Woman infected with coronavirus gives birth to healthy boy

The woman gave birth in the isolated ward of Hadassah Ein Karem.

Orly Harari ,

hospital brit milah
hospital brit milah
Hadassah Medical Center Spokesperson

Ronnie, who had tested positive for COVID-19, gave birth to a healthy baby boy at Hadassah Ein Karem with the help of a midwife wearing protective gear.

The birth took place in accordance to quarantine directives and the baby did not contract the virus.

Ronnie was excited to say "goodbye" to the staff who had been treating her in the secluded compound for the past 10 days. "Thanks to the Corona Department staff, despite the psychological challenges of being kept away from my baby with me being the [sick one], I managed to get through it," she said.

"It was important that we stay apart so I wouldn't infect him...I had the support of the Hadassah staff and knew that he was being kept safe and secure. I'm grateful to the dedicated and caring staff at the Corona Unit, to the social worker who never stopped worrying about me…[and discussing every issue that arose], and nursery attendants who sent pictures every day and personally updated me on my baby's condition."

Ronnie adds: "I will never forget how one nurse would visit me on a regular basis and just send more and more pictures [of my baby] as well as Irina Shiblin, the head nurse in the ward. Knowing he was healthy gave me strength. They all treated him with affection and made sure he was healthy as if he was their own baby. It was so touching."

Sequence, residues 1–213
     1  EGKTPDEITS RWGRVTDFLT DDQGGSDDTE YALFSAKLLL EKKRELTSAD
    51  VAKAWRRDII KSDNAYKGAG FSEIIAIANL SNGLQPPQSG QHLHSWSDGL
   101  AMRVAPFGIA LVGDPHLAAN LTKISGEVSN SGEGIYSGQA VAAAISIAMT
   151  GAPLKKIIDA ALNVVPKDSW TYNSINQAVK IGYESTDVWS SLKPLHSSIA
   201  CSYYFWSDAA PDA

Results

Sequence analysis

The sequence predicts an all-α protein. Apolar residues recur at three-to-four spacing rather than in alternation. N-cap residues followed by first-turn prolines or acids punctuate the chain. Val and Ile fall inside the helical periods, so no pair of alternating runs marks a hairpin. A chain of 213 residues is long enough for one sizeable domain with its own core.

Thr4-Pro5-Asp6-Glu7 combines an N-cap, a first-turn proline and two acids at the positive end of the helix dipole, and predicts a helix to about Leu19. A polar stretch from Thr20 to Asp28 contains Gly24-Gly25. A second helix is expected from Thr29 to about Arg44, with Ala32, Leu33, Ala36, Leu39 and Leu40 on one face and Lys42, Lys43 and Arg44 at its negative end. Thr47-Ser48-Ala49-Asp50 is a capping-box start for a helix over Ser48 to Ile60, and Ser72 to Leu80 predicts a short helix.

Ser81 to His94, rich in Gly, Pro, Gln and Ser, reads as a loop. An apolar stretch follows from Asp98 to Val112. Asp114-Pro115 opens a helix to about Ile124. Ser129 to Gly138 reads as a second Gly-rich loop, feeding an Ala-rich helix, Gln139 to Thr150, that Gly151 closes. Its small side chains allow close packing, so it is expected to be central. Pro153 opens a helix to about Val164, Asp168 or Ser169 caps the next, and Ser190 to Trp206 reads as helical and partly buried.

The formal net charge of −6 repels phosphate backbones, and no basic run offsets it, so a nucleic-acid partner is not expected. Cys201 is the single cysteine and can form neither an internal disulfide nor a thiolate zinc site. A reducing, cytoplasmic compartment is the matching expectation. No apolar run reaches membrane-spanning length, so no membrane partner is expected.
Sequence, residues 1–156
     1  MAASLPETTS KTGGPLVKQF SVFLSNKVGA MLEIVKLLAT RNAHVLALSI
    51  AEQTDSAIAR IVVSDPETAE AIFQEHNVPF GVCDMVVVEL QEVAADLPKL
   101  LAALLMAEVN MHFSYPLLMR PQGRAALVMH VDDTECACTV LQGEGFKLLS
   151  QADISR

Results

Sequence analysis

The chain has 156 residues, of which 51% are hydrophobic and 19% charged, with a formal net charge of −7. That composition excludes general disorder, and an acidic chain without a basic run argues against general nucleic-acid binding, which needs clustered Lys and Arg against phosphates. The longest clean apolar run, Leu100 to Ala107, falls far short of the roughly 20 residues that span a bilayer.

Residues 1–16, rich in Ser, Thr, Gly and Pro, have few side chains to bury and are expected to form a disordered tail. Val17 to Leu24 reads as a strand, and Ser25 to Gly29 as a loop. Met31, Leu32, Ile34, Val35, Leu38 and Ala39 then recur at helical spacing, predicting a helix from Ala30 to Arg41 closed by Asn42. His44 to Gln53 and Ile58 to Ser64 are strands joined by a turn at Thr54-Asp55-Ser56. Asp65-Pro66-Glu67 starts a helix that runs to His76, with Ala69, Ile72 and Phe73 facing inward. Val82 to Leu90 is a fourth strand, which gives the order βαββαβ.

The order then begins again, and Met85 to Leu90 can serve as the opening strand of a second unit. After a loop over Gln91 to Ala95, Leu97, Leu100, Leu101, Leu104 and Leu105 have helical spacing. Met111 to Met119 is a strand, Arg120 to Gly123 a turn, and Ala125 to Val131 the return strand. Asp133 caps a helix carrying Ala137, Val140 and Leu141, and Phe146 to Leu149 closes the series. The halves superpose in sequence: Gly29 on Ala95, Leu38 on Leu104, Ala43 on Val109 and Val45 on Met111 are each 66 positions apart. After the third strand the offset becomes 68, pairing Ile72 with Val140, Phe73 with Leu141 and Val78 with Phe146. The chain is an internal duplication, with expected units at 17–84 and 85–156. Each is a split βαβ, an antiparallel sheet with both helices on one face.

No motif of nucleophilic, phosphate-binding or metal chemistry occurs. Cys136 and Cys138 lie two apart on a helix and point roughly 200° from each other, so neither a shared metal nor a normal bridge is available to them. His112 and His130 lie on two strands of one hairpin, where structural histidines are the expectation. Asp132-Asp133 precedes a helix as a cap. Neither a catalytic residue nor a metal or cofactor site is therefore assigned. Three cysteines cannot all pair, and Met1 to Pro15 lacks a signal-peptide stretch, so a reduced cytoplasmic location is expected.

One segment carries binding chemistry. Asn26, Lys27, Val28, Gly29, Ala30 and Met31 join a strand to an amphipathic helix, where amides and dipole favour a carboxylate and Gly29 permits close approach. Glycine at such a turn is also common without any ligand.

The baby's brit was held at Hadassah in the presence of the Chief Rabbi of Israel and Rishon Lezion, Rabbi Shlomo Moshe Amar. "They allowed me to use zoom to view the ceremony. The midwives who [took care of] me all came to the brit and one of them, Noa Ben Yair, handed the baby to the mohel (individual responsible for performing the circumcision)," said Ronnie.

Ronnie's family will take care of the baby until her return to full health. "MDA will [test us for the virus] and we will take the baby home only once we've tested negative."

Dorit Sorka, head nurse at the infectious disease unit in Hadassah said: "This is a complex time and it's difficult for all employees at the unit to be away from home [for so long], but for Ronnie it was that much harder. She knew it was for the sake of her baby and her family and tried to stay strong for them. We were happy to encourage and support her because she was being kept apart from her baby, made sure [to allow her to] recover and…lift her spirits in every way possible. [We took] pictures, videos…all to make her happy."